Price target, $51. Shares fell about 2 percent to $50.71.

And shares of Wells Fargo (NYSE:WFC) were upgraded to equal weight from
underweight at Morgan Stanley (NYSE:MS). The analyst cited the bank`s
recent passing grade of the Fed`s stress tests. Price target $62. That
stock rose one and a half percent to $56.32.

HERERA: Still ahead, will the stock market losers of the first half turn
into the winners of the second?


HERERA: Well, the first half is over and now trading in the second half is
underway. And some investors want to know if the worst-performing blue
chips over the first six months of 2018 will make a run in the next six

Dominic Chu takes a look.


the year does provide at least a little excuse to take stock and see if
things are progressing the way you planned. For those that stick to the
blue chip Dow Jones Industrial index, it`s been a tale of underperformance
versus the broader S&P 500, and especially against the tech heavier Nasdaq
composite. Only a third of the Dow is actually in positive territory on a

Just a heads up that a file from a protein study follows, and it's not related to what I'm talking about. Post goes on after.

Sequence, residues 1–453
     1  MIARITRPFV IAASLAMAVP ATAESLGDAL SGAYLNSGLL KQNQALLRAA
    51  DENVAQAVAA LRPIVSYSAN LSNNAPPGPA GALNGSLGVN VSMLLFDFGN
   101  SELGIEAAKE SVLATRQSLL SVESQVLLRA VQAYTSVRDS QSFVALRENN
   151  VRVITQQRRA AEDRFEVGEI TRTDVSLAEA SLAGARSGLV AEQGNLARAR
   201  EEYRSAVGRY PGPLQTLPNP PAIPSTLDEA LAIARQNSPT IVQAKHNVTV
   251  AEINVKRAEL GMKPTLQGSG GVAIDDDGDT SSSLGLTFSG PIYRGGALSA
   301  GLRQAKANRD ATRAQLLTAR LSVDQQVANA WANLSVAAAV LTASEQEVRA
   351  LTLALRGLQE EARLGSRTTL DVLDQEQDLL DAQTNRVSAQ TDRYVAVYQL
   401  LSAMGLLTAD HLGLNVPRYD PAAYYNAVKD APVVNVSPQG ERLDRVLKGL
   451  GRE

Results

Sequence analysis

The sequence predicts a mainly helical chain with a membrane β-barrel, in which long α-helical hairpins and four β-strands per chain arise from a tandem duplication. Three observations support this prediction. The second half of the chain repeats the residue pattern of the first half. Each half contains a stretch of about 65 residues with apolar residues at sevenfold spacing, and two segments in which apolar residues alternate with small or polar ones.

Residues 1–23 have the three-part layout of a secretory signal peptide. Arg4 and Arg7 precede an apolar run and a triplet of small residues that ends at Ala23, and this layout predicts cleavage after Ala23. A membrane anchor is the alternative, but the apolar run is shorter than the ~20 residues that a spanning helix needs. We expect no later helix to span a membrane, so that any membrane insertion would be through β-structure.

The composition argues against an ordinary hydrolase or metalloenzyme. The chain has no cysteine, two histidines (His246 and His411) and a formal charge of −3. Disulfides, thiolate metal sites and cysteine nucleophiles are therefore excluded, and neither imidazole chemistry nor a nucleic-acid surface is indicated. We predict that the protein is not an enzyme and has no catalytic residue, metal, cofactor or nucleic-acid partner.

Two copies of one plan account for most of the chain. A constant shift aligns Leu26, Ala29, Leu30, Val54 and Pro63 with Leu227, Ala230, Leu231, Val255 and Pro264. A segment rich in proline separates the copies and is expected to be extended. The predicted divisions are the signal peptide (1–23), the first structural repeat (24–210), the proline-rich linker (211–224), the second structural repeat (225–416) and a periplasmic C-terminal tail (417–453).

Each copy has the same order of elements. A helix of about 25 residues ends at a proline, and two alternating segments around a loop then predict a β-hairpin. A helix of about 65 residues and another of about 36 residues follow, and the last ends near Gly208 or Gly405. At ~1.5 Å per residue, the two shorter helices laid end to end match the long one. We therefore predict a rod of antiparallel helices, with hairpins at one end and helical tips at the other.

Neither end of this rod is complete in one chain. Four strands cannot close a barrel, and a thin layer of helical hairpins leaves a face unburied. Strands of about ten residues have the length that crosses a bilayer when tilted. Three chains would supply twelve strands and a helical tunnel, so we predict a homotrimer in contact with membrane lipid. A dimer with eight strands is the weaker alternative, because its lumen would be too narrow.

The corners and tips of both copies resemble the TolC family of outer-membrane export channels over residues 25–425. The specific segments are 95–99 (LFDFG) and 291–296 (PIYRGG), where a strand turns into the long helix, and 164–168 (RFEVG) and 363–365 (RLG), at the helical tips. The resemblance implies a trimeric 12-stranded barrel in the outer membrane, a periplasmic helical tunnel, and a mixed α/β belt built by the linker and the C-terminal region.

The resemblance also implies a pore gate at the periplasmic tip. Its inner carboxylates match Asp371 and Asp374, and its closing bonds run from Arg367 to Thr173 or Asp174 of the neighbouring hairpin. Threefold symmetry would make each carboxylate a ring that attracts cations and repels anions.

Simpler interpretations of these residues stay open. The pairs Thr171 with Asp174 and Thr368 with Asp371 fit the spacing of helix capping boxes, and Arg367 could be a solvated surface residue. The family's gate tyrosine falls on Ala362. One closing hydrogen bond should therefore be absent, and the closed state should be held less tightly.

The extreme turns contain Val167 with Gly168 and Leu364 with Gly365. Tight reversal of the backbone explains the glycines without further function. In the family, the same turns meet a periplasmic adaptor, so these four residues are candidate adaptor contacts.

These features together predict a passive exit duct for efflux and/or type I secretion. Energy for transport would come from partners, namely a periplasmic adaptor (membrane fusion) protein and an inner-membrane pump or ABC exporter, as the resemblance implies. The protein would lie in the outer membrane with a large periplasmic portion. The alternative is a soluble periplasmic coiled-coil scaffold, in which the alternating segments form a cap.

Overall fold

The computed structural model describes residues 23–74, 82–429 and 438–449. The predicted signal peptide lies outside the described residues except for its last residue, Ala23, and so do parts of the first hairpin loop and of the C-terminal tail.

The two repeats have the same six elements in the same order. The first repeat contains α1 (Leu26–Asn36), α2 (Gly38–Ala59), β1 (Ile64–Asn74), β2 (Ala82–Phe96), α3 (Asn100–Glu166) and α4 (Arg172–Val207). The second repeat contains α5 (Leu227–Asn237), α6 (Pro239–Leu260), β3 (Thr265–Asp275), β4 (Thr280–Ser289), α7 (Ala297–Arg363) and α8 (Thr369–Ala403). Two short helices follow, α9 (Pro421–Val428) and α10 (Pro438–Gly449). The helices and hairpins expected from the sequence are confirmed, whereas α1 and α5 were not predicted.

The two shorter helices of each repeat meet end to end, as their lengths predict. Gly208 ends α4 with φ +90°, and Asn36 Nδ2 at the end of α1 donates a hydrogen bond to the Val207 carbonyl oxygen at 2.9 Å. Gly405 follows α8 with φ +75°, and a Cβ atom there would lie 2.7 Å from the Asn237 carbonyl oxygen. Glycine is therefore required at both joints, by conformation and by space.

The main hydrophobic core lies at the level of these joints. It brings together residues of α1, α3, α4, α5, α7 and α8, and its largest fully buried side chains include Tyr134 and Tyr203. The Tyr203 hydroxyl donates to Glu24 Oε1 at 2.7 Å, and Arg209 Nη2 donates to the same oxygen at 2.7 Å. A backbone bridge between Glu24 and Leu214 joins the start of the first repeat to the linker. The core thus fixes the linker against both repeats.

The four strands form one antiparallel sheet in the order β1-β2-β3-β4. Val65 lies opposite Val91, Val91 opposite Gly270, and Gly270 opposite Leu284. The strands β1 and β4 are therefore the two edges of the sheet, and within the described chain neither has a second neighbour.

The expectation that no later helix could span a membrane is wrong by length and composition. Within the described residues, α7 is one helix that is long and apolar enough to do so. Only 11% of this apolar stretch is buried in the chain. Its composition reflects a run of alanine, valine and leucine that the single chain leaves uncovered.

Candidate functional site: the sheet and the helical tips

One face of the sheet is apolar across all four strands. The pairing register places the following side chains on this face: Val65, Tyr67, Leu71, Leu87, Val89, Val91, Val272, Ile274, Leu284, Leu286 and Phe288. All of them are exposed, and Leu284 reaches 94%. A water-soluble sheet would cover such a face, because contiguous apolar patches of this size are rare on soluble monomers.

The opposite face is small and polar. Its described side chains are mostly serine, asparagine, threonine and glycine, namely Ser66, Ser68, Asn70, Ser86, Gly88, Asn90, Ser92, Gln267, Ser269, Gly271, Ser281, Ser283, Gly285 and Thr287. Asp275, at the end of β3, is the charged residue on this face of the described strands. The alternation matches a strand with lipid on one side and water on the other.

year-to-date basis.

Walmart has been one of the bigger laggards, down around 15 percent year-
to-date, the retail giant has been locked in a fierce battle with over where consumers spend their money. A big part of Walmart`s
story for the second half of the year will involve sales trends especially
online, including here in the U.S. for that all-important back to school
and holiday shopping season.

Analysts track by facts that currently have an average target price that
implies 13 percent upside from today`s value.

Another bigger laggard is a new entrant to the Dow, we`re talking drugstore
and pharmacy chain Walgreens Boots Alliance, which just recently replaced
General Electric (NYSE:GE) in the index. Walgreens has also been dealing
with a changing healthcare and retail landscape due to Amazon (NASDAQ:AMZN)
and others looking to get more into consumer health care markets. That